I think what's important to underscore here is what the Secretary General said yesterday, what Ambassador Bremer said yesterday and what the Secretary said yesterday, is that there is broad consensus and agreement on two very important and fundamental things: number one, that there need to be direct elections for a fully invested government of Iraq and that we all agree that that's a goal we're going to work toward; and number two, that sovereignty's going to be transferred to the people of Iraq on July 1st.


MR. ERELI: And I think that those are, you know, those are aspects of the November 15th agreement that are -- have stood the test of time, let's say.


MR. ERELI: And there are other very, I think, important points of the November 15th agreement which, you know, you need to keep in mind. The administrative law is going to -- is now with the Governing -- draft is now with the Governing Council. They are reviewing it. They are looking to make -- looking to release that by the end of February. And that will provide a bill of rights for the people of Iraq, or the beginnings of a bill of rights, and specify other sort of important federalism and governance issues.

There will be a transitional authority that takes over from the CPA on July 1st. The precise nature of that transitional authority and how it comes into being is a subject of discussion. The November 15th agreement had a certain plan. That plan has come under questioning and as a result of that questioning, the UN has gone there, looked at the situation, will probably come up with some recommendations. The Iraqis have some ideas of their own. Obviously, you know, we've got our views. And what we are going to see over the next weeks or so is a discussion of those views and a coming up with something that represents a consensus, that represents something that everybody can live with and that can get the job done.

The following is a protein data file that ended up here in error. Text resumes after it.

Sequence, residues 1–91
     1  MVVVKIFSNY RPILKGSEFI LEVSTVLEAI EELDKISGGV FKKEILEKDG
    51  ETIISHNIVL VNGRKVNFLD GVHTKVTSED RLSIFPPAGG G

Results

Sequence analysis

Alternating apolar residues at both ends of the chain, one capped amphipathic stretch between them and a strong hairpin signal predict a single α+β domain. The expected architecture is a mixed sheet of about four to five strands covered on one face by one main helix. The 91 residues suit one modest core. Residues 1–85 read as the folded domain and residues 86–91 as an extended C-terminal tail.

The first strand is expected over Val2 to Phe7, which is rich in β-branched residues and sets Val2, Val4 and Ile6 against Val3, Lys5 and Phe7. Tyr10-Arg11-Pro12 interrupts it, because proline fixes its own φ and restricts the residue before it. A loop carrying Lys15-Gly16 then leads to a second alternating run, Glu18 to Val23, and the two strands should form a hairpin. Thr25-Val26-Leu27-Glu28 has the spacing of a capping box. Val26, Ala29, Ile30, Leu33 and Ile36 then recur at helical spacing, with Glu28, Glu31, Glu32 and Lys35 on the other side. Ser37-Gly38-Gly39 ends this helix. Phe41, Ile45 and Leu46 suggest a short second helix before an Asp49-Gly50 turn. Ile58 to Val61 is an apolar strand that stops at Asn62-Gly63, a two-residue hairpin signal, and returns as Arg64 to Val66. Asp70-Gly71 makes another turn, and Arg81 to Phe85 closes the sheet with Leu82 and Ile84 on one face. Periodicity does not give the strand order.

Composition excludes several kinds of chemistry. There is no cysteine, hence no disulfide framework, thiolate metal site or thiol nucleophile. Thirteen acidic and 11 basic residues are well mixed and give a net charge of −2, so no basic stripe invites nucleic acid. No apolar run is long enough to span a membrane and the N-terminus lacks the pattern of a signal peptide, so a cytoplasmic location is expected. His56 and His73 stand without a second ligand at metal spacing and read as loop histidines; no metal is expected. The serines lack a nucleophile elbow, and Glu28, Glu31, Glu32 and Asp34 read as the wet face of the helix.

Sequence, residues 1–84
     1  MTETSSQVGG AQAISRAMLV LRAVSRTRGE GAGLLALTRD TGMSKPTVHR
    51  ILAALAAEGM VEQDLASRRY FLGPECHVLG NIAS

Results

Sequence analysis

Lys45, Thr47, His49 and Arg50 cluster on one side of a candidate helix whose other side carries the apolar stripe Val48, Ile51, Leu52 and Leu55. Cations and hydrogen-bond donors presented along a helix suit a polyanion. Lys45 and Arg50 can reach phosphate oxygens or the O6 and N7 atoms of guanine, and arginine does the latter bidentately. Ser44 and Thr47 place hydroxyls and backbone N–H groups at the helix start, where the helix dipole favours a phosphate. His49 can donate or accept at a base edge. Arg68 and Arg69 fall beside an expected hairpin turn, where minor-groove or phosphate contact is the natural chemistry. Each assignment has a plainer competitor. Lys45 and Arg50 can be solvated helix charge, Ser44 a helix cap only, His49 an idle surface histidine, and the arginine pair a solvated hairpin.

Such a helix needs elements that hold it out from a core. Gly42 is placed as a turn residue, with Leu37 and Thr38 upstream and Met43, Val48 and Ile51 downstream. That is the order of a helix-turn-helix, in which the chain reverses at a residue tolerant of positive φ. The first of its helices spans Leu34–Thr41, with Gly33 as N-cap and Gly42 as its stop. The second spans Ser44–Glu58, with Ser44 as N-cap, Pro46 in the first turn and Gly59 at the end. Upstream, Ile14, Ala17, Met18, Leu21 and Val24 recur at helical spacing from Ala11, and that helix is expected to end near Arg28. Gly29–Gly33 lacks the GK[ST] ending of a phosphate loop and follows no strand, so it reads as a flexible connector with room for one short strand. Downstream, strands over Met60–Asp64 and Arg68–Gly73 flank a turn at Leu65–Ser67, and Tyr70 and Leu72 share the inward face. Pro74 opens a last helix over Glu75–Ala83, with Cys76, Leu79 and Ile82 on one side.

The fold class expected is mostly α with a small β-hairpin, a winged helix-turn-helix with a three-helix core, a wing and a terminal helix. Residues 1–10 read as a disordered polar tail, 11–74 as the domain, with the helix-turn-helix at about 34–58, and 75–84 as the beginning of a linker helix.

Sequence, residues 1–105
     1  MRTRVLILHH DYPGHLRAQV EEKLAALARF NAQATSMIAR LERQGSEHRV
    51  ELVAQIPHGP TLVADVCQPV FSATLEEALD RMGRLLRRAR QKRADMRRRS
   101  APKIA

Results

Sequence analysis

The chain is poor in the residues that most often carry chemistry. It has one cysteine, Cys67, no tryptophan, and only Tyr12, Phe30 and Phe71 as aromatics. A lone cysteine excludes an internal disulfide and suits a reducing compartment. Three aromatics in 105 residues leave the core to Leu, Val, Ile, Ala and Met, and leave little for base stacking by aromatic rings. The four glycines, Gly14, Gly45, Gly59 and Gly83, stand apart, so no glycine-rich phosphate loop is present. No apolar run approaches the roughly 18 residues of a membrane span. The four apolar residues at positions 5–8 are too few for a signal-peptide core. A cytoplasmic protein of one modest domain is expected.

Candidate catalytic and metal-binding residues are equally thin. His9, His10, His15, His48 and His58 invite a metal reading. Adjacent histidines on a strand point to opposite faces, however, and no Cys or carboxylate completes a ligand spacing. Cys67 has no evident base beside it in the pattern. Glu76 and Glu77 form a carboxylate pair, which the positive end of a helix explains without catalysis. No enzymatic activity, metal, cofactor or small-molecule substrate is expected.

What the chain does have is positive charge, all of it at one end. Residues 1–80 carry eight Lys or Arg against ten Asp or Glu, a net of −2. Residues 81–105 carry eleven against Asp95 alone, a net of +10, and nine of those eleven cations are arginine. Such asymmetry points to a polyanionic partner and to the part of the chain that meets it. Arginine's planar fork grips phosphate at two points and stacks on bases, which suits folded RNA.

QUESTION: Adam, when you hand over to the Iraqi governing -- this new transitional authority, what kind of role do you envision for the UN in terms of, you know, you're not going to be the occupying power anymore; the Iraqis will have sovereignty. Where does the UN fit into all this?

MR. ERELI: I think we've always made it clear that the UN has a vital and essential role to play in the future of Iraq, politically, economically, socially, in humanitarian terms. We've felt that way from the very beginning and there -- we felt that way from the very beginning.